(Newsweek) – Human genetic engineering is coming. Science is about to solve some of the worst problems that can happen to people: cystic fibrosis, sickle cell anemia, Alzheimer’s and the many other devastating results that can come out of the random genetic lottery that is reproduction. But that power means we are also about to set the bar on what it means to be a person and have a productive life. What will the society of the future think needs repairing? If we “fix” blindness will we also “fix” deafness? What about baldness or being short?
Triplets at Center of Surrogate Baby Custody Battle Now Living with Biological Dad and ‘Doing Fine,’ Says Attorney
(People) – The triplets at the center of a custody battle – between the surrogate mom who gave birth to them and their biological father – have left the Los Angeles hospital where they’ve been kept since their birth in February and are now living at their father’s home in Georgia. “They’re doing fine,” Robert Walmsley, the father’s attorney, tells PEOPLE. “My client is finally getting to raise his kids and he’s loving it. He’s a happy guy right now.”
(The Guardian) – On a crowded stretch of Flatbush Avenue in Brooklyn, on the seventh floor of a building gentrification forgot, is a place where you can dabble in genetic engineering. Genspace, a kind of co-working lab for scientists, offers a fully equipped research laboratory available for public use for a modest monthly fee. It was the first of its kind to open its doors back in 2010 and signaled the rebirth of the gentleman (or gentlewoman) scientist. Since then, BioCurious, another DIY lab, has opened in Silicon Valley, allowing hobbyist biologists to fiddle with their own DNA and titrate their own blood samples. A number of startups like Bento Lab have popped up to serve the DIY Bio movement, making compact desktop versions of traditional biology lab equipment small enough to set up anywhere at home.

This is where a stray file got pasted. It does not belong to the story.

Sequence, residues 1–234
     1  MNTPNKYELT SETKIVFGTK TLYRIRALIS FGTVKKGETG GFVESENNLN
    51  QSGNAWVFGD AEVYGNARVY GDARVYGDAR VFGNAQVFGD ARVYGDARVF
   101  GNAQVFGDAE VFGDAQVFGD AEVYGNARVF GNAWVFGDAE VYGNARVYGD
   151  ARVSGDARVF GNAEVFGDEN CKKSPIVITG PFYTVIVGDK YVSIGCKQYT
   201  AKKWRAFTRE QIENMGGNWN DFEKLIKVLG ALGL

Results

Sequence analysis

(Genetic Engineering & Biotechnology News) – Cellular reprogramming of stem cells derived from one tissue type into a different vastly different tissue typically requires the labor-intensive use of external genes to modify and coax the existing genetic machinery down the desired path. Now, scientists at the Gladstone Institutes have established what they believe is a major breakthrough for stem cell research. The researchers were able to transform skin cells into heart cells and brain cells using only a combination of chemicals.